Michael J. Klarman, The Framers’ Coup: The Making of the United States Constitution (Oxford University Press)
Mark Edward Lender and Garry Wheeler Stone, Fatal Sunday: George Washington, the Monmouth Campaign, and the Politics of Battle (University of Oklahoma Press)
Nathaniel Philbrick, Valiant Ambition: George Washington, Benedict Arnold, and the Fate of the American Revolution (Viking)
Alan Taylor, American Revolutions: A Continental History, 1750-1804 (W.W. Norton)

A distinguished jury comprised of notable historians David Preston, Kathleen DuVal, and Nick Bunker, selected the finalists from a field of nearly 60 books. The winner of the 2017 prize will be announced, and all finalists recognized, at a black-tie gala on Thursday, May 25 at George Washington’s Mount Vernon.More information about the George Washington Prize is available at washcoll.edu/gwbookprize.

AUTHOR BIOGRAPHIES

T.H. BREEN is currently the James Marsh Professor-at-large at the University of Vermont. He is the author of 11 books on U.S. history, many of them prizewinners. Recent works include The Marketplace of Revolution and American Insurgents, American Patriots.

ANNETTE GORDON-REED is the Pulitzer Prize-winning author of The Hemingses of Monticello, which also won the 2009 George Washington Prize and the National Book Award. She is the Charles Warren Professor of American Legal History at Harvard Law School.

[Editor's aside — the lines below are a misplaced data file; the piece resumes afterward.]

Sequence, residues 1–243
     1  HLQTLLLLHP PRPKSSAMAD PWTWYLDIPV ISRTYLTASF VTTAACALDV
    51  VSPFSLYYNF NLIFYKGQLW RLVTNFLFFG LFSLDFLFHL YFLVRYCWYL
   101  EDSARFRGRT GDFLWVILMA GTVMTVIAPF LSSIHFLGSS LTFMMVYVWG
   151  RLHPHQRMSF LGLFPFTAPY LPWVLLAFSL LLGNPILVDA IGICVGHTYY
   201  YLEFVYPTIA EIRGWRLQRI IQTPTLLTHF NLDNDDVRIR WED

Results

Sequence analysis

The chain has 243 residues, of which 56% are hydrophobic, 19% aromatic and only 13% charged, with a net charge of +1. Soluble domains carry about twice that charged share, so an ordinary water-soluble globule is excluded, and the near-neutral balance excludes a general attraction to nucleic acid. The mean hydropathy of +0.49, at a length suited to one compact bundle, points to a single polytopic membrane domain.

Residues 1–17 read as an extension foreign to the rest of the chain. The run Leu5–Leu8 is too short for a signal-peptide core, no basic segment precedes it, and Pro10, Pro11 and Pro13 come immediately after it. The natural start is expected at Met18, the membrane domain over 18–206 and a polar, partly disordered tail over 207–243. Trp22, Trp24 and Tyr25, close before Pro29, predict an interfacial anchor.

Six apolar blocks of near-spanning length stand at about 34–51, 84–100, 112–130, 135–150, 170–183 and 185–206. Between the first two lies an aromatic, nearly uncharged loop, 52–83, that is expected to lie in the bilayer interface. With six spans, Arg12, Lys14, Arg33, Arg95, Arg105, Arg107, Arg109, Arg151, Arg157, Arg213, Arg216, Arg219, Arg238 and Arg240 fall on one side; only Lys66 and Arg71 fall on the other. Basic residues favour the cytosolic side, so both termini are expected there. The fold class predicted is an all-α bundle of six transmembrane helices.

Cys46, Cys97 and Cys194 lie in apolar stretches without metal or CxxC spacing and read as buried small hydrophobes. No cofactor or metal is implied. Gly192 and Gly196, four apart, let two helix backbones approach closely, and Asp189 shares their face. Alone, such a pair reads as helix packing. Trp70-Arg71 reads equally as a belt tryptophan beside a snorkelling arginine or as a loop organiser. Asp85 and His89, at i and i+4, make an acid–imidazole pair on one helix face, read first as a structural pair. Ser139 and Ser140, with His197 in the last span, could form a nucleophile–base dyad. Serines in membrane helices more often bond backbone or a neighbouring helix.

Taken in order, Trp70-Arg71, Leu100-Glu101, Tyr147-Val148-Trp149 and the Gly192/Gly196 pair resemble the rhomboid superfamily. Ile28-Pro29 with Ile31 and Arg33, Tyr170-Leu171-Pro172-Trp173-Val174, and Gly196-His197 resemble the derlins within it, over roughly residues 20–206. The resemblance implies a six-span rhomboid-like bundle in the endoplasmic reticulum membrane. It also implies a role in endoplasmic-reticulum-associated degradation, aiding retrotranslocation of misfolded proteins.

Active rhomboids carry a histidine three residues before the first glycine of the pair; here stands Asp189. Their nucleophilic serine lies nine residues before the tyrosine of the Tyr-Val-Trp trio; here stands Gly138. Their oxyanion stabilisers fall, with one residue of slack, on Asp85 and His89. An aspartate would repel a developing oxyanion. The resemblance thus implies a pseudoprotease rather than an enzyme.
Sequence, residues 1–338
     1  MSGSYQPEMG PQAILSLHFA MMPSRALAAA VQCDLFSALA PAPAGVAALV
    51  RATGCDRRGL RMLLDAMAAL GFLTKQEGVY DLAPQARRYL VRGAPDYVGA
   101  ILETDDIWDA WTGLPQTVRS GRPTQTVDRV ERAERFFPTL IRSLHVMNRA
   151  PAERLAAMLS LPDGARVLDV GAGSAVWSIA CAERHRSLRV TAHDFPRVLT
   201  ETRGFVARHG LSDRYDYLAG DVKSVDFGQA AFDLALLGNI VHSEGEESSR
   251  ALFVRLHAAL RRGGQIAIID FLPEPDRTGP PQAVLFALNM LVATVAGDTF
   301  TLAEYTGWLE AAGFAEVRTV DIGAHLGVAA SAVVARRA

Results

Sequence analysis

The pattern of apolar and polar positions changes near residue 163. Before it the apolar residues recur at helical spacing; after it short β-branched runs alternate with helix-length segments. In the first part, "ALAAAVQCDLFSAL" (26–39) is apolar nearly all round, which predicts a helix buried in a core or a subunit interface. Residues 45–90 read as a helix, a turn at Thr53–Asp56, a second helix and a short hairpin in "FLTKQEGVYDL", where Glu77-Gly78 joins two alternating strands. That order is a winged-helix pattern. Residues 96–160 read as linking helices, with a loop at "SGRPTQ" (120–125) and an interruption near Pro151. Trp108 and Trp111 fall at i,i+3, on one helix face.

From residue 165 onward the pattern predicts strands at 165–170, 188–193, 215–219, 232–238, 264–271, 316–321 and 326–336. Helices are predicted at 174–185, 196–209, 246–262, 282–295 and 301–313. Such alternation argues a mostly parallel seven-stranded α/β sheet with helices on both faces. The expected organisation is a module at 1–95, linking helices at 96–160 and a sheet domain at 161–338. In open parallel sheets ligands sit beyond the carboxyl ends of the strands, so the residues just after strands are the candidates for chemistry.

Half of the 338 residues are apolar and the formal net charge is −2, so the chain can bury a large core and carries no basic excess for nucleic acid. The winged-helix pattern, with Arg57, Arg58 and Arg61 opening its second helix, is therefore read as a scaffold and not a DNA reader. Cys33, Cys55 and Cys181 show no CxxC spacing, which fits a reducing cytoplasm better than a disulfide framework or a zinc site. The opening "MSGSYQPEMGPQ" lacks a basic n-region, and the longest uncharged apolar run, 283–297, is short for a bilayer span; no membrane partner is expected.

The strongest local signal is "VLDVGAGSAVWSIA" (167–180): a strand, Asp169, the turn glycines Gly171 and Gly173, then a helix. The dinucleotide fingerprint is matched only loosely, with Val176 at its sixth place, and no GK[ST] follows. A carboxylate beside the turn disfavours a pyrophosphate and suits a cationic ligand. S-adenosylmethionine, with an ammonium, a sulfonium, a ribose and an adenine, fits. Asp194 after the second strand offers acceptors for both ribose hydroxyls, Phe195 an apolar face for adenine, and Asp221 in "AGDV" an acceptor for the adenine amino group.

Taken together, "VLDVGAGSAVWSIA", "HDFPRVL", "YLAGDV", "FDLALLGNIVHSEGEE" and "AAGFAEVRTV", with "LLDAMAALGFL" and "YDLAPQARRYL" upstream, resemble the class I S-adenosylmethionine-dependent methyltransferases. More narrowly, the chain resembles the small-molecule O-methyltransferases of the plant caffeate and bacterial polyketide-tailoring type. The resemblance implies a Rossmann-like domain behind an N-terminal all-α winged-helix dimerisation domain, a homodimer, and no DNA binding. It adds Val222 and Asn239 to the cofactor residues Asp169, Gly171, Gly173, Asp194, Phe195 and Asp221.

PETER S. ONUF is the Thomas Jefferson Memorial Foundation Professor Emeritus at the University of Virginia and the senior research historian at the Robert H. Smith International Center for Jefferson Studies. Onuf also is a cohost for the radio show BackStory with the American History Guys.

JANE KAMENSKY is Professor of History and Pforzheimer Foundation Director of the Schlesinger Library at Harvard University. She is a historian of early America, the Atlantic world, and the age of revolutions. Her many books include The Exchange Artist, which was a finalist for the 2009 George Washington Prize.

MICHAEL J. KLARMAN is the Kirkland & Ellis Professor of Law at Harvard Law School and author of the Bancroft Prize-winning From Jim Crow to Civil Rights. He has won numerous awards for his teaching and scholarship, primarily in the areas of Constitutional law and Constitutional history.

MARK EDWARD LENDER is Professor Emeritus of History at Kean University in Union, New Jersey, and the coauthor of A Respectable Army and Citizen Soldier.

GARRY WHEELER STONE is retired as Regional Historian for the State Park Service and Historian for the Monmouth Battlefield State Park with the New Jersey Department of Environmental Protection.

NATHANIEL PHILBRICK is the New York Times bestselling author of In the Heart of the Sea, winner of the National Book Award; Mayflower, finalist for the Pulitzer Prize; Bunker Hill, winner of the New England Book Award; Sea of Glory; The Last StandWhy Read Moby Dick?; and Away Off Shore.

ALAN TAYLOR is the Thomas Jefferson Professor of History at the University of Virginia. He is the author of many acclaimed books in early American history and has twice been awarded the Pulitzer Prize in History. His most recent book, The Internal Enemy, won the Pulitzer Prize and was a finalist for the National Book Award and the 2014 George Washington Prize.

ABOUT THE SPONSORS OF THE GEORGE WASHINGTON PRIZE

The Gilder Lehrman Institute of American History